* Dave McClure - on-stage, getting the crowd to do some viral marketing via "The Wave". Way to go Dave!



Lowlights on Day 2

* Wi-fi still sucks and still no power cords in the vast majority of rooms. I don't get it, for $1200, you think this stuff would have been worked out. I don't have these problems at Gnomedex. Maybe Chris Pirillo or Ponzi should be in charge?

* Too many people - the sheer number of people is overwhelming. It is difficult to engage the speaker for more than 1 question.


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Hoodoo Gurus in Solana Beach

On Tuesday night, I was lucky enough to catch the Hoodoo Gurus at the Belly Up in Solana Beach. This was the sixth of ten shows in the U.S. and it showed - the Gurus were in great form! The Belly Up was a very cool venue with good lighting and sound.

You can find the set list here.

The Gurus delved heavily into their older stuff, with a surprising number of songs from their first two discs (Lelani was a highlight). I saw them in San Francisco on their last tour, 13 years ago. Hopefully they'll be back before 2020.




Ouch! It's My Birthday

I officially turned 40 last Saturday - I woke up feeling wiser, if not older :-)

My wife organized a get-together for some close friends at Nola's in Palo Alto. It was a great mix of friends from childhood, college, startups, etc. It is hard to believe that fully one-third of my life is over.

A few photos:

Congrats to Bill and Kelley on their recent engagement!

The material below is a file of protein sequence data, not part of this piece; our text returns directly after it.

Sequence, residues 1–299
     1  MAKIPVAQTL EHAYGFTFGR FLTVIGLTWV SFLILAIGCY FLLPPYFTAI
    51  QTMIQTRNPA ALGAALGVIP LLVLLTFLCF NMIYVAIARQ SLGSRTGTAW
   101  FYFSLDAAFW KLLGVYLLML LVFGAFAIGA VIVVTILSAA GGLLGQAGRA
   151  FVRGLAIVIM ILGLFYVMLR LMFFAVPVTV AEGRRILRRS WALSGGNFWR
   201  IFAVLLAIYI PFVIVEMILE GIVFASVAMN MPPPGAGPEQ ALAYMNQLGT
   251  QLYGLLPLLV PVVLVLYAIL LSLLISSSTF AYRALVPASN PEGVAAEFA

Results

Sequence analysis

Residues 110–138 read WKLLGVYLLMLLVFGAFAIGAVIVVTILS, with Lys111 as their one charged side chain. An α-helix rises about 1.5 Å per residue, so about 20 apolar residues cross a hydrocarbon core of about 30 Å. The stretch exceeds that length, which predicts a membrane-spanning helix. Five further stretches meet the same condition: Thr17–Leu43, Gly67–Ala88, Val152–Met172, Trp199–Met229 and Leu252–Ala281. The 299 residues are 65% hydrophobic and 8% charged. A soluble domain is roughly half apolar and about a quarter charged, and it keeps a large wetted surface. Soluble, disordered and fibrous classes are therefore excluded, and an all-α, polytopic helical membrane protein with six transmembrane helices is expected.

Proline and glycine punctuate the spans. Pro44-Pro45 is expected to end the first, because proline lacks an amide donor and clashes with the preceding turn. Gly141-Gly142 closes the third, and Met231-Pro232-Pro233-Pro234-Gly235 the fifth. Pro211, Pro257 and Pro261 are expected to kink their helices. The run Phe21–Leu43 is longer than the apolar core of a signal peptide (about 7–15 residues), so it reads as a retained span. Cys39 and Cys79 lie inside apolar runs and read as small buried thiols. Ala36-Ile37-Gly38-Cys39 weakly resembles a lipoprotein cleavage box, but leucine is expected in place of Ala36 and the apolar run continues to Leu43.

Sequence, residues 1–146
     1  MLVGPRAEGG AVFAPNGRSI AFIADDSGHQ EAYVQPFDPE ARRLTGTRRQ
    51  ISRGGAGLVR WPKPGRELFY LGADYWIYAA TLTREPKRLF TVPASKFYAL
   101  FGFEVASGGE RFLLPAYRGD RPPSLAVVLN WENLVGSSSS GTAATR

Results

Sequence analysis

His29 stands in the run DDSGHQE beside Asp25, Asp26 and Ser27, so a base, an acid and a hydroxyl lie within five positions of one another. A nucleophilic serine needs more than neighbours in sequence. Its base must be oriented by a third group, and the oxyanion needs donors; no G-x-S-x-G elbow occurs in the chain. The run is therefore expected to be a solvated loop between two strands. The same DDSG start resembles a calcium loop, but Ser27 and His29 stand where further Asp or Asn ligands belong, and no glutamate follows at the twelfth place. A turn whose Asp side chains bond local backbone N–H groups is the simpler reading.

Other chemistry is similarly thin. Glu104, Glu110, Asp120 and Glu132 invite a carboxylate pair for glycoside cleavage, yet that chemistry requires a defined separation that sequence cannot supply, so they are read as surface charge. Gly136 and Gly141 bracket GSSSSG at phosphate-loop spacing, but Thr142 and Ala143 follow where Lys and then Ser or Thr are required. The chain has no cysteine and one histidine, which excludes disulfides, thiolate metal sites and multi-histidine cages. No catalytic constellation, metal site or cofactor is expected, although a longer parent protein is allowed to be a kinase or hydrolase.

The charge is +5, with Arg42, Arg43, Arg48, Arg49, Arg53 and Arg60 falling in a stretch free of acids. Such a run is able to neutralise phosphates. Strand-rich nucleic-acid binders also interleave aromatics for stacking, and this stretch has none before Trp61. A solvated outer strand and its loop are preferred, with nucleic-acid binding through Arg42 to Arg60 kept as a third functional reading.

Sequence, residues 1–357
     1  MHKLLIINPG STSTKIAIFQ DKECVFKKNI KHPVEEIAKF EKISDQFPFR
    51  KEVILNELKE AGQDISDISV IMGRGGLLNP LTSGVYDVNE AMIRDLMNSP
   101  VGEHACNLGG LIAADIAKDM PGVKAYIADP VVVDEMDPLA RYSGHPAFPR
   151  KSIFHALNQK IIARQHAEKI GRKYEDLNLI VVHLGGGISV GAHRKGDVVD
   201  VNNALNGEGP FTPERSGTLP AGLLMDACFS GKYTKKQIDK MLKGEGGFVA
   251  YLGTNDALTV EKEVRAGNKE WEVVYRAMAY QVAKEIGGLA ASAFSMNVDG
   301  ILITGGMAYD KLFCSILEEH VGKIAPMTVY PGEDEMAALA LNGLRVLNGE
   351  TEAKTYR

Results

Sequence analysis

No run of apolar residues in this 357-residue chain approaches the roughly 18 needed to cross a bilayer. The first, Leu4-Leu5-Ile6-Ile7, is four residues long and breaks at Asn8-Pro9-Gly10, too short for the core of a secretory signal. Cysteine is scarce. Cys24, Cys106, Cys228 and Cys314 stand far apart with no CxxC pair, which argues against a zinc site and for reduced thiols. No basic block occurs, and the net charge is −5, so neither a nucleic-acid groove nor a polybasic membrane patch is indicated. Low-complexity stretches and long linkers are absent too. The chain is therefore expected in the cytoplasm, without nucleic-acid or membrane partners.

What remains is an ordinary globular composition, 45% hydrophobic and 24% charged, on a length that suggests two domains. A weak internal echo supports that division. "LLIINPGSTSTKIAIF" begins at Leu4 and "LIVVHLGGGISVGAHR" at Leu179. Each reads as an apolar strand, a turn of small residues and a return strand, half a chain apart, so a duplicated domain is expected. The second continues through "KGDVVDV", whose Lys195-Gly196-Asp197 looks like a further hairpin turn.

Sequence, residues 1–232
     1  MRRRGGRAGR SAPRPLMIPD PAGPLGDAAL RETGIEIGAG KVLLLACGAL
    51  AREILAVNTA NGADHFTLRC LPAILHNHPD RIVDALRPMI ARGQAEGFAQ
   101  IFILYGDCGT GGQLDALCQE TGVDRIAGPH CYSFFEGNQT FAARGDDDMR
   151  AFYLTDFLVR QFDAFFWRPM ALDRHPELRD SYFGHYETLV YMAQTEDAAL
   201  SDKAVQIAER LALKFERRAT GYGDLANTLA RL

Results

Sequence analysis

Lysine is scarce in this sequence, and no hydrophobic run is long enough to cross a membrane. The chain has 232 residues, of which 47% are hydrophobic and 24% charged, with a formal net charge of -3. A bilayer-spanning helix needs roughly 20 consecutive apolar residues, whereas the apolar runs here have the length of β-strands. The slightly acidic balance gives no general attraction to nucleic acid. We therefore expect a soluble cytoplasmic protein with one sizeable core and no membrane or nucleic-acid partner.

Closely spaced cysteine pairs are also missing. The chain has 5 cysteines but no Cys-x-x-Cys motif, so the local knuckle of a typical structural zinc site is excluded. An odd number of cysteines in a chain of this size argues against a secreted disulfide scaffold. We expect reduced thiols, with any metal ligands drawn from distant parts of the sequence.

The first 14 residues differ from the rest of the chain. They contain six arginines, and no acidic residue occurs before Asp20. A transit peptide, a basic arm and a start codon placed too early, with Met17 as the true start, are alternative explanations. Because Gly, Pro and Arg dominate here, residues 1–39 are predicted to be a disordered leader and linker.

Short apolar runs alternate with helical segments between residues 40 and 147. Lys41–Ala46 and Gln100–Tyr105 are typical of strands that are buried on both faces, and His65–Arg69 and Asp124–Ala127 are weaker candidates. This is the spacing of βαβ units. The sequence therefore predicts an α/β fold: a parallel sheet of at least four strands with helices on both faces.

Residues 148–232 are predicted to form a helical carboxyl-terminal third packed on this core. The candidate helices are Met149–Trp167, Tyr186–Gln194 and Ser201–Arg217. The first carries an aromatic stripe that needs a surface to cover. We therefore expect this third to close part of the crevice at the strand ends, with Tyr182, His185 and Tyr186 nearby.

The party organizer


The original iPrint crew

Monetizing Sourceforge

Sourceforge is looking into monetizing

Dear SourceForge.net community member, As an active participant in the Open Source community, you may be excited to learn about a new feature that we will add to SourceForge.net in late spring/early summer. This feature will allow you to buy or sell services for Open Source software on SourceForge.net. Interested? Follow the link below and we'll keep you updated as we move towards the official launch of this feature: https://ostg.wufoo.com/forms/marketplace-interest-list/ Thank you for your continued support, The SourceForge.net Team

I'm sure there will be members of the Open Source community who don't like this move, but personally, I think it is the way to go. Sourceforge provides a great service to the community and figuring out ways to keep them in business and grow benefits everyone. I don't have any insight into what they are thinking, but I would guess they are planning on becoming a services marketplace ala Salesforce.com's AppExchange.

Something to watch as they roll it out.

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BestBuy Acquires Speakeasy?

I'm a long-time customer of Speakeasy - sure they cost a little more than SBC and others, but their service is great. I've had an account with them since 1998 with no complaints.

This morning, Bruce Chatterly, the CEO, sent an email to the Speakeasy customer base with the following news:

I am pleased to announce that Speakeasy has been acquired by Best Buy, an innovative and growing Fortune 100 company and the top consumer electronics retailer in North America. This is a significant milestone for our company as our new relationship will help us realize our goals of becoming the No. 1 provider of voice and data solutions to small businesses. It is important to note that though Speakeasy will now be a wholly owned subsidiary of Best Buy, we will continue to operate as a standalone, independent operating division with headquarters in Seattle.

The DSL/ISP space isn't one I watch closely, but this one sure seems like it is from left field. Best Buy in the ISP business?

Here's hoping that this remains true:

How will this change affect my service?

There will be no change or interruption to your existing service or level of customer support. All aspects of your service will continue to be managed by Speakeasy.

Reuters link